Posted by: Shayna Garlick
Oracle and Java, Sun Microsystems
We recently took a look at some recent Oracle developments on the MySQL front, but what about Java?
The number one programming language is not being ignored. Oracle executives – and the Father of Java himself, James Gosling-have been speaking about its future at recent conferences. They‘re addressing not only their plans and goals for the programming language, but who they want to see using it: ”I would like to see people with piercings doing Java programming,” said Oracle’s Jeet Kaul, referring to getting a younger generation more excited about Java.
So, what is there to get excited about? Here are some of the Java technologies recently discussed at TheServerSide Java Symposium in Las Vegas and the EclipseCon conference in Santa Clara, Calif:
- Java EE: Gosling focused his keynote on Java EE, saying that updates have been made to Java EE 6 to speed Web application building, and these streamlined setups mean less reliance on XML. Executives also assured users that there would be a Java EE 7 at some point, but as JavaWorld’s Josh Fruhlinger said in his blog, this was “a sort of non-reassuring reassurance — did anyone really expect there not to be?”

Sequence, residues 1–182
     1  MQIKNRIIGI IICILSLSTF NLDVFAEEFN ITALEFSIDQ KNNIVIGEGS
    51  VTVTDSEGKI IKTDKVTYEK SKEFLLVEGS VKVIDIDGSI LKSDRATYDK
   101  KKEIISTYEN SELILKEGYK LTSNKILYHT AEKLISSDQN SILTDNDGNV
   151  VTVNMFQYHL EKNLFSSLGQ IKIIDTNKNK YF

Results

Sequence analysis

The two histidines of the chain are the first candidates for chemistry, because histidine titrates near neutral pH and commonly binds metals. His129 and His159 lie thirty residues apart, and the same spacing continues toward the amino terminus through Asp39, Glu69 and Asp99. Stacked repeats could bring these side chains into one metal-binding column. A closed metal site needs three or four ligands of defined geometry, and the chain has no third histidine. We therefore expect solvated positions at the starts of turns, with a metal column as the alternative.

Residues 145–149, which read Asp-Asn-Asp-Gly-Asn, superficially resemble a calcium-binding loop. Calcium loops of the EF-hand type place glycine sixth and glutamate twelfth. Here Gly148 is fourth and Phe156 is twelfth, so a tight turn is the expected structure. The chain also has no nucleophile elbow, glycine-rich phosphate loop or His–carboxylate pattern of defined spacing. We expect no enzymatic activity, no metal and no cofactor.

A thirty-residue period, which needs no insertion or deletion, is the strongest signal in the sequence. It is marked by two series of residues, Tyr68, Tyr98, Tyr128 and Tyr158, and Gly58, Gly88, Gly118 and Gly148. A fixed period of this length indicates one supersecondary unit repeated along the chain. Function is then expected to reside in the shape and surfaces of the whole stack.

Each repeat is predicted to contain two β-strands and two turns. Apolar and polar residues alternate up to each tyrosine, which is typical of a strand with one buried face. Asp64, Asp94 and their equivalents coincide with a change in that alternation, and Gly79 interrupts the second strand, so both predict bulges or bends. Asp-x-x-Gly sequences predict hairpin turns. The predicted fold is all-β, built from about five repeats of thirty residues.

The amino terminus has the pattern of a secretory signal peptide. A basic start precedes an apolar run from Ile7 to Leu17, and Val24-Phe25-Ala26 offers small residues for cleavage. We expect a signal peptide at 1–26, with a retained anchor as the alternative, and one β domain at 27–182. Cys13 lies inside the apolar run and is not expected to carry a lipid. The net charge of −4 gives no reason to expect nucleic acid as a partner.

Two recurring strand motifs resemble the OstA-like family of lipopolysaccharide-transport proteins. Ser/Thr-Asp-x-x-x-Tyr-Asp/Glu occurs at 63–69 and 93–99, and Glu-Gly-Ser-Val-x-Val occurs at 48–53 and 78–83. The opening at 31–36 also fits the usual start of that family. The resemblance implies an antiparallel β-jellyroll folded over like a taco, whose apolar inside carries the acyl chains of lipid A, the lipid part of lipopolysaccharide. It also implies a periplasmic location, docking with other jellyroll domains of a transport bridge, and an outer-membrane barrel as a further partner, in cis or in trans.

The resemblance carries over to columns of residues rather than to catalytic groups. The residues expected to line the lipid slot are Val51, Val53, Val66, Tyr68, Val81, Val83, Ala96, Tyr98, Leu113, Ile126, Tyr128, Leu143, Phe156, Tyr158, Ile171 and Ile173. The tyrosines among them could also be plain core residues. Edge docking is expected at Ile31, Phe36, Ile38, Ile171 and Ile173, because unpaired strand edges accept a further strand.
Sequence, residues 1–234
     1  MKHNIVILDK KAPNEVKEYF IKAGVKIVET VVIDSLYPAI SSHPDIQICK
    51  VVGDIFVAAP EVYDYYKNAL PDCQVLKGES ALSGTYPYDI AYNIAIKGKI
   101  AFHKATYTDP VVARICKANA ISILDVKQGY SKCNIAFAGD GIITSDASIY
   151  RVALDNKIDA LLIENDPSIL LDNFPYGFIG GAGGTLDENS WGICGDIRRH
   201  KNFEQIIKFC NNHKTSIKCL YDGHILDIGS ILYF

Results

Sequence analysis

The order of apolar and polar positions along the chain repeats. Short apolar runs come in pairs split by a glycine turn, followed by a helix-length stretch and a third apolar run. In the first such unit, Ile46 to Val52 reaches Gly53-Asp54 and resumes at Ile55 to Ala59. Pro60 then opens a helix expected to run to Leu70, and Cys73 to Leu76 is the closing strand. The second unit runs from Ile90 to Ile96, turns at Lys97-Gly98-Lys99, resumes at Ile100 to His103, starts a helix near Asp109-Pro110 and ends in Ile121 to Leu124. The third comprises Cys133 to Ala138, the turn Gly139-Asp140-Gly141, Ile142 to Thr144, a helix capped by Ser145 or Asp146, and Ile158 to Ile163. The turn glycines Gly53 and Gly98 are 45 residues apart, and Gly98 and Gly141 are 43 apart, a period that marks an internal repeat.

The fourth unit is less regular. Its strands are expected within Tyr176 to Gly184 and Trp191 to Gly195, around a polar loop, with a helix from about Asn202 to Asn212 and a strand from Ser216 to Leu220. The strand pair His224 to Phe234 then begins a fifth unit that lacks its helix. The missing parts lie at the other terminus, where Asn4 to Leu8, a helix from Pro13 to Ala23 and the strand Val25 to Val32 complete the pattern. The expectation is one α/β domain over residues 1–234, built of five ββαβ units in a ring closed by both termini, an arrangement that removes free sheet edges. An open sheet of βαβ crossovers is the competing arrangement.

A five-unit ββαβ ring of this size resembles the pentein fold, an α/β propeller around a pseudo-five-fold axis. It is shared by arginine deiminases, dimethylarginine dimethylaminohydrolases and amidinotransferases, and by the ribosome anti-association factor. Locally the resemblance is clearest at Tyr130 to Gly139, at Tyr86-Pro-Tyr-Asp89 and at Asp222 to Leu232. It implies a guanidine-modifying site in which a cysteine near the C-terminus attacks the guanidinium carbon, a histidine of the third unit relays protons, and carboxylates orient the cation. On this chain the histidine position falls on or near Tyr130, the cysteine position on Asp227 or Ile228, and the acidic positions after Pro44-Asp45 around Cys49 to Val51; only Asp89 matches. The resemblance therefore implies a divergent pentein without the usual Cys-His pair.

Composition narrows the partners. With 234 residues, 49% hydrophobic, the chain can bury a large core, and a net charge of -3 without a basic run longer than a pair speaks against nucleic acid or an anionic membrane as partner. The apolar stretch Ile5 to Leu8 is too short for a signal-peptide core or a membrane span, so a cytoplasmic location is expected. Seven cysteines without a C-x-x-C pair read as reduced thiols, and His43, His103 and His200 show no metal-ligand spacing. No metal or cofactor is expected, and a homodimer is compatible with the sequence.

- Java Community Process (JCP): The JCP, which is the program for developing technical specifications for Java technology, is something in which anyone can participate. In a JCP session at the Java Symposium, Java expert Reza Rahman said that he did not know the future of JCP under Oracle, but hoped it would include more open source development, growth and individual participation. But what do other users want from JCP? According to this article from Network World, some actually think the democratic process and individual participation slow things down and would like to see more control by Oracle.
- Java FX: Many are wondering if, despite Oracle’s commitment, it’s too late for Java FX to succeed. Oracle remains committed to the platform, which was introduced three years ago, but many think that it’s not cut out to stand against its competitors, such as HTML5, for example. Experts say that Oracle has to build a business around it, which would involve tools support and integration with more IDEs.
According to Gosling, he’s “pretty encouraged about the way things are going to work out.” But are you? What concerns do you have about Java? Do you think Oracle can successfully keep all aspects of it alive?